I just moved into a new apartment.
I was in my old place for nearly a decade, so moving felt particularly weird for me. I spent years getting to know all the idiosyncrasies of that place: the way the door shuttered from the air pressure change every time somebody entered the building or how the shower temperature operated in reverse. Standard New York City fare.
As I’ve been going about measuring, laying out, and freshening up this new place, I’ve been noticing a host of new oddities here. Among them, there’s a light fixture that isn’t quite centered and an archway that’s a little off-kilter. In these pre-war apartments, once you bust out the measuring tape, nothing is ever exactly right.
All this reminds me of one of my favorite design rules: if it looks right, it is right.
It doesn’t matter if the room’s perfectly aligned as long as it feels like it is. In design, communication, and creativity as a whole, we’re always in the business of perception and experience, not mathematics and exactitude.
The ancient Greeks knew this when they designed the Parthenon. To correct for optical illusions, the building’s base arches upwards by a few centimeters. The columns on that base appear straight but actually taper a wee bit towards the top to keep them looking that way – and the ones on the corners are also a tad bigger than the rest.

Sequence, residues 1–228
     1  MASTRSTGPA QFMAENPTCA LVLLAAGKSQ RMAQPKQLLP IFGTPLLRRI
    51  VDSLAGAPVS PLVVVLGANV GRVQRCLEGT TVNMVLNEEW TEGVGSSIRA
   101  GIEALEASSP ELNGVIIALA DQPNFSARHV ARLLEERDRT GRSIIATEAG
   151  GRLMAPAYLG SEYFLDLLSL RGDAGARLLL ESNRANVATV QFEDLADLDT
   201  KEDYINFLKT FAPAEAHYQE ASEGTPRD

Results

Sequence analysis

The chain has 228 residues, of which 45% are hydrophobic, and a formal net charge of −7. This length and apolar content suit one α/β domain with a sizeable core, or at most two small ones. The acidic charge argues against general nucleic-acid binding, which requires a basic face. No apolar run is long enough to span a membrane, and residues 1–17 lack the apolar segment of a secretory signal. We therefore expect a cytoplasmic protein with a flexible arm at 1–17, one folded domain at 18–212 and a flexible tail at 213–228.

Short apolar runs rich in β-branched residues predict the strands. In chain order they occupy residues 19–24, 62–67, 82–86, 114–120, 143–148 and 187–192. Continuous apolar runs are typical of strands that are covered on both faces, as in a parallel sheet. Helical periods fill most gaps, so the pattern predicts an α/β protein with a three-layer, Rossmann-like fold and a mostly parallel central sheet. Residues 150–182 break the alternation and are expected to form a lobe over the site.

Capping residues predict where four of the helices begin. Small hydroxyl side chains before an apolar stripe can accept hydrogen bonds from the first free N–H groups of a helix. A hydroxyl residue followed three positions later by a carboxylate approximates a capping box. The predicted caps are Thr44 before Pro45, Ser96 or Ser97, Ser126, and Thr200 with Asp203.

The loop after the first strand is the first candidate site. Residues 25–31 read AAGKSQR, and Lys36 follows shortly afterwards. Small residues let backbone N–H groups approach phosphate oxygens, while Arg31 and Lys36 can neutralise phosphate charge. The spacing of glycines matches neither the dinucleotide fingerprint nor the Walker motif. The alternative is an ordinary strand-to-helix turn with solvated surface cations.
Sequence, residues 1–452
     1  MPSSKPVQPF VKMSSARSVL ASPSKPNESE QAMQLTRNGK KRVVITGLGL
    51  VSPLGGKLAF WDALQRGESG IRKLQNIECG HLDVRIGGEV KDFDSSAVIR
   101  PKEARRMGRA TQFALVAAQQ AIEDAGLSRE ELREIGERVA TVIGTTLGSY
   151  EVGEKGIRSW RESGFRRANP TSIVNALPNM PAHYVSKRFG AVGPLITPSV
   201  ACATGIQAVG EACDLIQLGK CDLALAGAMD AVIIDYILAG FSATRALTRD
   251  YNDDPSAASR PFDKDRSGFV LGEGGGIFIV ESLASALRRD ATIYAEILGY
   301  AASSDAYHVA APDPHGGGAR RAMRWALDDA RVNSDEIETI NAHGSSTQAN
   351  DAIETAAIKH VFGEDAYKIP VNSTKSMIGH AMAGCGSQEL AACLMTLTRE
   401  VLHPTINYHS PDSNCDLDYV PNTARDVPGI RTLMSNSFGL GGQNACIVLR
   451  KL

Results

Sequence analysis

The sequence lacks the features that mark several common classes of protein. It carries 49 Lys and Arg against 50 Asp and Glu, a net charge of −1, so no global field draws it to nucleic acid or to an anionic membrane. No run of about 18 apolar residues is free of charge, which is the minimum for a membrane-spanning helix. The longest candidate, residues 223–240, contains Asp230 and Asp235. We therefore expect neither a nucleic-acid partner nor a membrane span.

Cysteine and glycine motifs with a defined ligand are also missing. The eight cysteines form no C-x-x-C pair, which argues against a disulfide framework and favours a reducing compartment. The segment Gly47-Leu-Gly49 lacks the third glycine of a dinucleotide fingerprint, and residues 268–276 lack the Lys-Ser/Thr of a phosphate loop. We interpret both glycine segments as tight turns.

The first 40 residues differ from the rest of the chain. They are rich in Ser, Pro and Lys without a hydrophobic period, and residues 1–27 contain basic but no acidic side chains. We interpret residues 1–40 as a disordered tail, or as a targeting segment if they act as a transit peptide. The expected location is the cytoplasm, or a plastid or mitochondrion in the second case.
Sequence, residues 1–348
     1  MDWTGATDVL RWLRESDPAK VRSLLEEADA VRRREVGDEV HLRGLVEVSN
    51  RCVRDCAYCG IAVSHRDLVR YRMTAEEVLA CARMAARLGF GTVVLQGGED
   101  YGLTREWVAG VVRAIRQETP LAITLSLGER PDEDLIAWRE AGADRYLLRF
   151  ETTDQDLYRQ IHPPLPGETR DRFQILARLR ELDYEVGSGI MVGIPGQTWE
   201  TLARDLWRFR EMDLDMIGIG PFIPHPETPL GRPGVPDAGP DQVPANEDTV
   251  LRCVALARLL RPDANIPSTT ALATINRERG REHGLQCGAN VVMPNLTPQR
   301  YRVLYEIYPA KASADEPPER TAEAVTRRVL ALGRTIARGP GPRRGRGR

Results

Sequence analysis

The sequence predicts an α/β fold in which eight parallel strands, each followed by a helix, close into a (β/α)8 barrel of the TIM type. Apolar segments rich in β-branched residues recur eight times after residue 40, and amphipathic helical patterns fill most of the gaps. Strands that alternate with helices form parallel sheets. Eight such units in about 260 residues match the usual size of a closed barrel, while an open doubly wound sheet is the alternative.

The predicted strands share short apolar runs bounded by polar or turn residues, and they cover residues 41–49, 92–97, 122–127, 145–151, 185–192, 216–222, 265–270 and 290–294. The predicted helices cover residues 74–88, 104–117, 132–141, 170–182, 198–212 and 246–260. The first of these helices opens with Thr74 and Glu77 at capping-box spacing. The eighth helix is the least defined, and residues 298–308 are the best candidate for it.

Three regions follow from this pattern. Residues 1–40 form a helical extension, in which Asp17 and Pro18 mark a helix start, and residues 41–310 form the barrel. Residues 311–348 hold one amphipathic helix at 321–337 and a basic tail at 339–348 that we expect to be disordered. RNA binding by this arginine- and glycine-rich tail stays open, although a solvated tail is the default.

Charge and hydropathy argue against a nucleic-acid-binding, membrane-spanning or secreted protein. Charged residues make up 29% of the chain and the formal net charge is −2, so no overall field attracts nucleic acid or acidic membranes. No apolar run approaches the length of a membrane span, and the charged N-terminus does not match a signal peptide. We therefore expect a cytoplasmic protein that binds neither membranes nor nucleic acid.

On a more modest scale, we can see this at play on our own walls. Look at a nearby picture frame: most matted pictures have slightly thicker spacing on the bottom side to avoid the perception of the image “falling” down the frame. This same principle is at play in UI design – most elements, including many on this page, have a slightly larger bottom padding than that on the top or sides.
Don’t worry so much about the centimeters or the pixels. Worry instead about how it looks when you squint at it, when you see it again tomorrow morning, and most of all, when you use it in the real world. That’s what matters.
If these buildings or boxes were precisely right, they wouldn’t actually feel right. We’re imperfect creatures, and as a result, we have to let in a little bit of imperfect weirdness into our work.